This article was first published on Labour List on 10 September 2013.
The number of people feeling insecure at work has almost doubled in the past three years since the Tory-led government took office. Half the working population believe the economic policies of the present government have made them feel less secure and 40% of people are worried their job will become less secure in the future.
In practice this insecurity can make life a daily struggle, meaning it is impossible to plan ahead, not knowing how much money will be coming in next week, let alone next month. In some cases it can leave people who are notionally in work living a hand to mouth existence. That kind of Britain may be good enough for out of touch Tory ministers who think ‘any old job will do’. It isn’t good enough for One Nation Labour.
The YouGov poll should make extremely worrying reading for the Tory-led government which has attacked the rights of people at work at every opportunity, making it easier to fire not hire people. Whether it is slashing protection for workers against unfair dismissal, their ridiculous ‘shares for rights’ scheme or bumping up fees for employment tribunals, they seek to heap further insecurity on working families already feeling the strain.
Added to this, under David Cameron we have seen the use of zero-hours contracts proliferate. These can provide flexibility for employers and employees which suit both parties. But, whereas they used to be a niche element of the labour market, their use has grown so much so that now they are becoming the norm in too many parts of our economy.
And we still don’t know the true extent of the increase in their use. According to a survey of employers by the Chartered Institute of Personnel and Development which represents HR professionals, there are as many as a million people employed on zero-hours contracts, while the Recruitment and Employment Confederation has found that more than a quarter of its members use them. After I wrote to Sir Andrew Dilnot, Chair of the UK Statistics Authority, last month the ONS I am pleased he has signalled they are changing the way they assesses the numbers of employees on zero-hours contracts. Given that many people are not aware that they are actually on a zero-hours contract, the ONS accepts its estimates may have been underreporting the scale of their use.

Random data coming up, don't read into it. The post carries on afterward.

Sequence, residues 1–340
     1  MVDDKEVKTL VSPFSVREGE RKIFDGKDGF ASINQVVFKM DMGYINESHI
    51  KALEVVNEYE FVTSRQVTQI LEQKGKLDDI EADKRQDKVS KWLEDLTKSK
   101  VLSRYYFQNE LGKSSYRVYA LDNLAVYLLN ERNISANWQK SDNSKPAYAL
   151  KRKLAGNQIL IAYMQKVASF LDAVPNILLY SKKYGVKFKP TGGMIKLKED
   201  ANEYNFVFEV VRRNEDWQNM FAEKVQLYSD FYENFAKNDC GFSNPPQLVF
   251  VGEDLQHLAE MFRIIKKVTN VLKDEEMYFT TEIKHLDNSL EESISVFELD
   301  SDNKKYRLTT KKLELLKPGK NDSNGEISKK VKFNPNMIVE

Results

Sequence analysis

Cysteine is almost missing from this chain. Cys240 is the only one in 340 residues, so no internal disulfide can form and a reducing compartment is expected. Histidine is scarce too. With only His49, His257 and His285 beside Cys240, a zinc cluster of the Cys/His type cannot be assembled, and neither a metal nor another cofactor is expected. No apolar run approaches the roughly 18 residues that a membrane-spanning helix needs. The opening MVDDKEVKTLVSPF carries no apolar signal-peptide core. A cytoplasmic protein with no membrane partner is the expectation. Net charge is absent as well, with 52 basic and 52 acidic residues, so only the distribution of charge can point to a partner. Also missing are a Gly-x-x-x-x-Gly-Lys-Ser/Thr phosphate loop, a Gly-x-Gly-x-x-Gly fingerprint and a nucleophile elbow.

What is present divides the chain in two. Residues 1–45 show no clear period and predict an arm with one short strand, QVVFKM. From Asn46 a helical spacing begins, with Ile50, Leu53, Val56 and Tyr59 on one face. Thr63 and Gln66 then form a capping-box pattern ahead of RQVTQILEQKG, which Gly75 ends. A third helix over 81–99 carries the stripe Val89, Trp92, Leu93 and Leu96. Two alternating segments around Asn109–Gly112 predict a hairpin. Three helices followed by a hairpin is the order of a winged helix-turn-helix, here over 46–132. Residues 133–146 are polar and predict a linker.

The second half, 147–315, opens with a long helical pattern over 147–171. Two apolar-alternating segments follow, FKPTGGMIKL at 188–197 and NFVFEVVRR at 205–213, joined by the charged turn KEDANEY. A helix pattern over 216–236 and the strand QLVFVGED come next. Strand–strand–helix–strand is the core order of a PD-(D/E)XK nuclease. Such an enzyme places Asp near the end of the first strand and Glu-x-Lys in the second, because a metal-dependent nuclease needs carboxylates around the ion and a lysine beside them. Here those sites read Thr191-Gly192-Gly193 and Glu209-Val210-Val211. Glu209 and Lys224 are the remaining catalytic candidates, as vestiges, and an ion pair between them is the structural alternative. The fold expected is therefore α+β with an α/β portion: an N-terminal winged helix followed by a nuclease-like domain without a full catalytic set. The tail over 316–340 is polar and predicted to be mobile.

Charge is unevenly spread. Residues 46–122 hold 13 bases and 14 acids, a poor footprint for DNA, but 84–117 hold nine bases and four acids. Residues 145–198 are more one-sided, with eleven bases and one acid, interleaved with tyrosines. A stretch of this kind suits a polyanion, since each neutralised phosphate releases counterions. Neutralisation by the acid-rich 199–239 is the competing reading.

In spite of all this, ministers have failed to do anything about the worrying rise in zero-hours contracts. After pressure from Labour Vince Cable said his department would investigate, but it has emerged that this consists of just three officials looking at the issue amongst their many other responsibilities. No call for evidence has been issued and no formal consultation launched.
Given their failure to act, I chaired Labour’s summit on the issue last month which we held to collate evidence and hear from employees and employers. Following our summit, Ed Miliband has this week announced the action we would take to prevent abuse and underpin better practice in the use of zero-hours contracts. We would ban employers being able to require those on zero-hours contracts to work just for them. We would stop workers being required to be available around the clock where they is no guarantee of work. And we’d make sure that contracts reflect the reality of people ‘s working patterns – so if someone has regular hours in practice they should be on a full time contract that reflects that. We would also introduce a new code of practice for employers on the use of zero-hours contracts.
The former Director of Human Resources at Morrisons, Norman Pickavance, will be leading an independent consultation for us with employers and others to advise on how the measures should be implemented.
As Ed Miliband has said, the key battleground of the 2015 election will be the living standards crisis which families are facing in this country. The cost of living and decent pay are central to this debate. We are clear: the issue of job security is important too.